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Feds Failed to Warn on Flawed E-Vote Lab

The Election Assistance Commission (EAC), which is responsible for accrediting testing labs that inspect electronic voting machines, failed to notify local officials that it has refused to accredit Ciber, which tests the software for most of the electronic voting systems currently in use.

Ciber was allowed to certify software patches, such as the ones that fix problems that surfaced in the run-up to November's mid-term elections, notably in Maryland, where e-poll book devices caused havoc during the 2006 primaries.

Officials in California and other states also relied on a report from Ciber that dismissed concerns raised by computer experts who demonstrated security flaws in electronic voting machines.

Local election officials were not made aware of Ciber's status, however, reinforcing claims by election integrity activists that the EAC is more concerned with protecting voting machine vendors than the rights of the electorate.

In testimony given to the House of Representatives on July 19, 2006, EAC Commissioner Donetta Davidson noted that her agency had enacted "a certifying process for the first time," but made no mention of Ciber at the hearing.

The initial assessment of Ciber was completed on July 20.

Davidson also testified that the EAC will "maintain a register of accredited labs and post this information on its Web site to fully inform the public about this important process."

But the relevant Web page has no information or working links under such headings as "EAC Fully Accredited Laboratories," "EAC Denials of Certification" or "EAC Decertification Actions."

The fact that the EAC has not re-certified Ciber was not disclosed until an article published by the New York Times brought the issue to light on Thursday.

Warren Stewart, policy director of Vote Trust USA, a non-profit election integrity group, said he was "stunned" by the revelation. "I'm almost speechless about it."

He said that the fact that the EAC chose not to reveal this information "underlines the whole problem with having voting machines certified as a private-sector transaction. This makes it clear that we need a fully independent testing authority funded by the federal government," he told internetnews.com.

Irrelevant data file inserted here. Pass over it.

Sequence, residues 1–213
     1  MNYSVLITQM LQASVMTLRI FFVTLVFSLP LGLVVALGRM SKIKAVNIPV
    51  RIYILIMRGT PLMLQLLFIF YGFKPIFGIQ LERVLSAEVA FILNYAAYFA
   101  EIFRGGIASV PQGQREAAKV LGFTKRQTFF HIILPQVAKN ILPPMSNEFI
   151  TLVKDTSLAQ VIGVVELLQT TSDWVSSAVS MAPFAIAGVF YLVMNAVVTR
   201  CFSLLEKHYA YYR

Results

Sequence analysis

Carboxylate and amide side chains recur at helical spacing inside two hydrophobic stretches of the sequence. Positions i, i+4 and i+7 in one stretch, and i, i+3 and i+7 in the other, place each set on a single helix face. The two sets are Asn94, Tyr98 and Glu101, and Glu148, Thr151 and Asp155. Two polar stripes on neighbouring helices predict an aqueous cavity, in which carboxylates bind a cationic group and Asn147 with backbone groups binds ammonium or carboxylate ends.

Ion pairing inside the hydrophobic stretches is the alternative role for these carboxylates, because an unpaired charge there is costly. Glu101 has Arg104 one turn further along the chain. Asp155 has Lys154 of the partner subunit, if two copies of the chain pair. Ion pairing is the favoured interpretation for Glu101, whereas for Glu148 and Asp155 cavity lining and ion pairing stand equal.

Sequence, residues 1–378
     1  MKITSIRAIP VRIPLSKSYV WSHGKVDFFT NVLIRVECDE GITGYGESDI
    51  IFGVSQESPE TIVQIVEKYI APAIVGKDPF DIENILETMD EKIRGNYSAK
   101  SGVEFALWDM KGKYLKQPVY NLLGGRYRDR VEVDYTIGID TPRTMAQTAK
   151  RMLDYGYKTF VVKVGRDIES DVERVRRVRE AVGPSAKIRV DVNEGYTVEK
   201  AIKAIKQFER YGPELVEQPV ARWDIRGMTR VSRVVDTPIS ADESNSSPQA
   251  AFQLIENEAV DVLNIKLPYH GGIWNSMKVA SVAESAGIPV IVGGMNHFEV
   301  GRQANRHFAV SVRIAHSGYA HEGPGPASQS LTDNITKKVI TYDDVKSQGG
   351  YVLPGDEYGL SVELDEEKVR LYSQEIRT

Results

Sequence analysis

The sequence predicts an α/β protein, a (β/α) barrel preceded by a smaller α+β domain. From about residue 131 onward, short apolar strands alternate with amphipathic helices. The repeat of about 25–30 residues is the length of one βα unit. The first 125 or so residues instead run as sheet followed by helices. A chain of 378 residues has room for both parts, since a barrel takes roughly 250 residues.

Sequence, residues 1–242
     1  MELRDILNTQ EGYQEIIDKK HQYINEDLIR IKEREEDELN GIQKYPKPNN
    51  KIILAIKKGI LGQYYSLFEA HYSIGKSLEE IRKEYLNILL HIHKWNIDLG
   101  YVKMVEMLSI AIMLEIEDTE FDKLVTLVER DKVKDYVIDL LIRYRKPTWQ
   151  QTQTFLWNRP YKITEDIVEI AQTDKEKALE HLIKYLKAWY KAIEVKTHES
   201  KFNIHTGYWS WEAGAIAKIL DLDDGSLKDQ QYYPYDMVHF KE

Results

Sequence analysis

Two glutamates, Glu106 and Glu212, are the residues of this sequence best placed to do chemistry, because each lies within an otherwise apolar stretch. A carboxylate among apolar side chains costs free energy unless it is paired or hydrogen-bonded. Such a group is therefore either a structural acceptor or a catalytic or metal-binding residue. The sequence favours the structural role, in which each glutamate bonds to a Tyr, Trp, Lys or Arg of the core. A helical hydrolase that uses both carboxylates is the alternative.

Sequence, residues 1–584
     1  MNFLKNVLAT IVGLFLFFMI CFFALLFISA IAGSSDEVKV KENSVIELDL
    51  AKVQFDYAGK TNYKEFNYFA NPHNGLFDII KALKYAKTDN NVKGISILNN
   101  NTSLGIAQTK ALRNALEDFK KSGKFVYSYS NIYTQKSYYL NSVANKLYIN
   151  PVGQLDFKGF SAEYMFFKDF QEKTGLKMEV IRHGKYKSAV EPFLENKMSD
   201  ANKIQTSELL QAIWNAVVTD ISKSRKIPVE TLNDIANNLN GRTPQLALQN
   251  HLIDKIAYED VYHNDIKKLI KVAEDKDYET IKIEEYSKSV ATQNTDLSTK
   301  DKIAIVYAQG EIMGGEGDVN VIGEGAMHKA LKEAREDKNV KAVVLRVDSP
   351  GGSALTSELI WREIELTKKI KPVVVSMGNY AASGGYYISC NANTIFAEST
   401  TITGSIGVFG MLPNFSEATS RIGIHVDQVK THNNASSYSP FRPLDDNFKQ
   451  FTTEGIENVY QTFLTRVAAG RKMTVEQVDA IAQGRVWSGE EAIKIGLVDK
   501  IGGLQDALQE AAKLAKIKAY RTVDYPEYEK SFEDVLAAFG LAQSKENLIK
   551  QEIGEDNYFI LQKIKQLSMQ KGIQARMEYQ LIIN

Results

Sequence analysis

EAC spokeswoman Jeannie Layson said the fact that Ciber has not been re-certified demonstrates that the oversight process is working.

"I don't think it's correct to say we 'decertified' Ciber," she continued. "They applied for interim certification and have not received it due to the [flawed processes] cited in the [New York Times] article."

Layson said the EAC has not made any public announcement about Ciber because the certification process is not yet completed.

"We are still in the process of making the determination whether they will receive interim accreditation, and when that determination is made we will certainly make that info public, just as we did with the other two labs," she wrote in an e-mail.

Ciber, which is based in Greenwood Village, Colo., was re-assessed on Dec. 5 and Dec. 6 and has still not received interim certification.

Stewart said this attitude demonstrates that "the EAC is being too deferential to the interests of the voting-machine industry and is not concerned enough with the primary stakeholder in elections, which is the American voters."

Officials from Ciber did not return a call requesting comment.

According to this page on the EAC Web site, the interim accreditation is valid until Jan. 1, 2008. The page also lists the two labs that have been accredited so far: SysTest Labs of Denver, Colo., and Wyle Laboratories of Huntsville, Ala. (which is accredited for hardware testing only).

According to Jan Kosko of the National Institute of Standards and Technology (NIST), five labs are seeking accreditation as potential voting system testing laboratories through the NIST's National Voluntary Laboratory Accreditation Process.



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